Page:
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© 2015 Published by Elsevier Ireland Ltd. on behalf of International Federation of Gynecology and Obstetrics. Objective To evaluate the management and outcomes of pregnancies among women with HIV infection. Methods A retrospective cohort study was undertaken of pregnant women with HIV who delivered at one center in the UK in 2008-2012. Case notes were reviewed and detailed information extracted regarding obstetric and virological management. Results Overall, 61 pregnancies were included; 43% (26/60) were unplanned and 39% (22/57) booked late. HIV infection was diagnosed during pregnancy for 32% (19/60); 71% (12/17) were diagnosed after the first trimester. At booking, 47% of women (28/60) were not on treatment, all but one of whom commenced treatment, either for maternal reasons (CD4 count < 350 cells per mm3; 48% [13/27]) or prevention of mother-to-child-transmission (52% [14/27]). Viral load was high (> 50 copies per mL) at delivery for 13% of women (8/61). Delivery was by cesarean for 74% [45/61]. One neonate was diagnosed with HIV infection. There were 6 (10%) preterm births, 9 (15%) cases of low birth weight, 11 (18%) small-for-gestational-age neonates, and 1 (2%) stillbirth. Conclusion Better pregnancy planning, earlier booking and HIV diagnosis, and optimal antiretroviral treatment should increase the proportion of women with a low viral load (< 50 copies per mL) at delivery, lead to more vaginal deliveries, and further reduce mother-to-child transmission of HIV.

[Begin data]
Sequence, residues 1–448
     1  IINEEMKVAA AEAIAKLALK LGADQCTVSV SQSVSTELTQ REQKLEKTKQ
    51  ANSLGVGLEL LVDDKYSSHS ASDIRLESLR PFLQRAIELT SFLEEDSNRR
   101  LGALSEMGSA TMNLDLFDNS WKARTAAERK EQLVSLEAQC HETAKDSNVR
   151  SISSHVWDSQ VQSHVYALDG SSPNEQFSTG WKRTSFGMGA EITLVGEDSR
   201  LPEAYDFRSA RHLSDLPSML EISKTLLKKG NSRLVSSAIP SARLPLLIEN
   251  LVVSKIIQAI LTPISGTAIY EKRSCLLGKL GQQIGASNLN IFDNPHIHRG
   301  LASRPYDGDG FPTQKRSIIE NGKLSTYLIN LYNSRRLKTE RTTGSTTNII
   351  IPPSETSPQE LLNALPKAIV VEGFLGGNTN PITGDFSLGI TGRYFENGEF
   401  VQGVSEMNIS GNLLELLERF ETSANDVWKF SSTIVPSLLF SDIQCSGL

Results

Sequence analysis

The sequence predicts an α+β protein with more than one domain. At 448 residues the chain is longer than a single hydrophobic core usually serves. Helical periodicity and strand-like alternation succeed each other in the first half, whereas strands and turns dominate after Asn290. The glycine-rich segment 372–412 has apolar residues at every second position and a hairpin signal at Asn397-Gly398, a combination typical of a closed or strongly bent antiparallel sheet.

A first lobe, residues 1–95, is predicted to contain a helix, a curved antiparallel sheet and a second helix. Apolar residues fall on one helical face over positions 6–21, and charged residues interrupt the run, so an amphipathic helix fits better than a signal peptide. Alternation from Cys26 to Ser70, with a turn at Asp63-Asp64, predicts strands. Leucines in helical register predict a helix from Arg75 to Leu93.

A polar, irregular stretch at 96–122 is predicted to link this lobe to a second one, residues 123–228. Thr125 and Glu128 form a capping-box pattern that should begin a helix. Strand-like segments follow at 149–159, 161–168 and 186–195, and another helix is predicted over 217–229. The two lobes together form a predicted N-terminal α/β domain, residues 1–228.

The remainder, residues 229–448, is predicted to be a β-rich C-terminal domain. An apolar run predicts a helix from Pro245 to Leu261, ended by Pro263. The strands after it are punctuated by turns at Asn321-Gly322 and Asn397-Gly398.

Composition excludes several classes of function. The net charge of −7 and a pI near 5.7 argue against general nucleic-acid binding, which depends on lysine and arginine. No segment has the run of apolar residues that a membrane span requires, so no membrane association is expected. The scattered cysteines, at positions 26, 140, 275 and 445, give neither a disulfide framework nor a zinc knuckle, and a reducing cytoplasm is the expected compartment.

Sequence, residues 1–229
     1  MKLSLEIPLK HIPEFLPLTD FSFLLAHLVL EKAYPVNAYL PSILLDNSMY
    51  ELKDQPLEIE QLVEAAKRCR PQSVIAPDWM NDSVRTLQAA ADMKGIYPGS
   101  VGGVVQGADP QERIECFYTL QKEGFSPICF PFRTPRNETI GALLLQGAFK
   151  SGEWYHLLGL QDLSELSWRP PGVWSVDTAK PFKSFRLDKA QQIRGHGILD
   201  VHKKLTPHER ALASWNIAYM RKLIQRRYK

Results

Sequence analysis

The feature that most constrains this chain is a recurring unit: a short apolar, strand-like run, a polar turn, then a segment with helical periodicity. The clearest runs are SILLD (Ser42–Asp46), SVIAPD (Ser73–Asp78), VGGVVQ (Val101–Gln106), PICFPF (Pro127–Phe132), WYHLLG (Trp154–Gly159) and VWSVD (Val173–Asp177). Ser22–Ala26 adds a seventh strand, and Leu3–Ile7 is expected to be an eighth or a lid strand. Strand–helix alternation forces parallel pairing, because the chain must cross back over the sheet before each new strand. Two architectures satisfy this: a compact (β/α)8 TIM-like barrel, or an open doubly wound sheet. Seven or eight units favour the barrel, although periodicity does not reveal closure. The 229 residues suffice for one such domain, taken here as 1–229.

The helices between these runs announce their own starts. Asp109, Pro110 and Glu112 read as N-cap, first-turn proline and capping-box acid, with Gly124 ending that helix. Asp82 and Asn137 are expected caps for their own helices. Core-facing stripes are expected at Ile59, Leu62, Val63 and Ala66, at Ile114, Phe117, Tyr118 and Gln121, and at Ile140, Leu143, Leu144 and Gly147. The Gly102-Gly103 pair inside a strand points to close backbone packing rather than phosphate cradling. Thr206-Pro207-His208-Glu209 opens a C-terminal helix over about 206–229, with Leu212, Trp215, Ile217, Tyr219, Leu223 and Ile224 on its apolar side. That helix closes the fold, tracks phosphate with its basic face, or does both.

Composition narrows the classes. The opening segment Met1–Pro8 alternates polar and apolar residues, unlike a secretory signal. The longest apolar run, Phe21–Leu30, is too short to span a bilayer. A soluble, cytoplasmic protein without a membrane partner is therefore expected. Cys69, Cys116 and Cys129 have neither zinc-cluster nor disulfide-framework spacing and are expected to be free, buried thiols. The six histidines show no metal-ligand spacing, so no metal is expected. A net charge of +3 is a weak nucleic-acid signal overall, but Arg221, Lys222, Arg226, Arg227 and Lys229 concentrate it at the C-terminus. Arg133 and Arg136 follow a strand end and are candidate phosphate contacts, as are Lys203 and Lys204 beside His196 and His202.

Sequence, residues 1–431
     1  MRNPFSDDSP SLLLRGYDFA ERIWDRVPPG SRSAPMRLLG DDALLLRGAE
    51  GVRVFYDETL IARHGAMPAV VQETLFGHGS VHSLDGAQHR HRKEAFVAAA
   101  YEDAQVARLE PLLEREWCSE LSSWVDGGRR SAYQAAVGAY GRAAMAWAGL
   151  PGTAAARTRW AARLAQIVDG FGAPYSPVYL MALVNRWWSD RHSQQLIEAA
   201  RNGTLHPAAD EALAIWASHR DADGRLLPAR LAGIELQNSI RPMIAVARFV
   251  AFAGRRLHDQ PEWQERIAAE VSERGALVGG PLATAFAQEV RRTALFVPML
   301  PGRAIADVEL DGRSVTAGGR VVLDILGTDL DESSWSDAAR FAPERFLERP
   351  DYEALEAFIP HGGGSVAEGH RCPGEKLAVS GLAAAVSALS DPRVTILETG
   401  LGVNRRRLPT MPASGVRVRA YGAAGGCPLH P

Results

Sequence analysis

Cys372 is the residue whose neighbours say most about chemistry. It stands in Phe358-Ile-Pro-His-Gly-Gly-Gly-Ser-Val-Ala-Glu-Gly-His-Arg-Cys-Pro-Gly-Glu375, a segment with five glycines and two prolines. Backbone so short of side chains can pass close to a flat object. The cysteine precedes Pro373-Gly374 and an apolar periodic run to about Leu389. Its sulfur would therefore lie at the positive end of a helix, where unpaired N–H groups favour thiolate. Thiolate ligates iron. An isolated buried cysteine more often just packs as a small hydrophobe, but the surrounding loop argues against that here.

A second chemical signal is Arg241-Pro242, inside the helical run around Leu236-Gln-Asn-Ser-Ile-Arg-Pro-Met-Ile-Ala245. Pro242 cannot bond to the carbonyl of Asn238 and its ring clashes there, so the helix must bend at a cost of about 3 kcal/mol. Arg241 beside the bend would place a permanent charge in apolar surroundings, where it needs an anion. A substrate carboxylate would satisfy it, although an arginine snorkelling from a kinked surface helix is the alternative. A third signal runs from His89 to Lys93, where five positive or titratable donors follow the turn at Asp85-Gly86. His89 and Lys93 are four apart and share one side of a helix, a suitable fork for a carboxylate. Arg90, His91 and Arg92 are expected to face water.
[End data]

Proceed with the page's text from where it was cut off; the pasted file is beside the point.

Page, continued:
Original publication




Journal article


International Journal of Gynecology and Obstetrics

Publication Date





59 - 63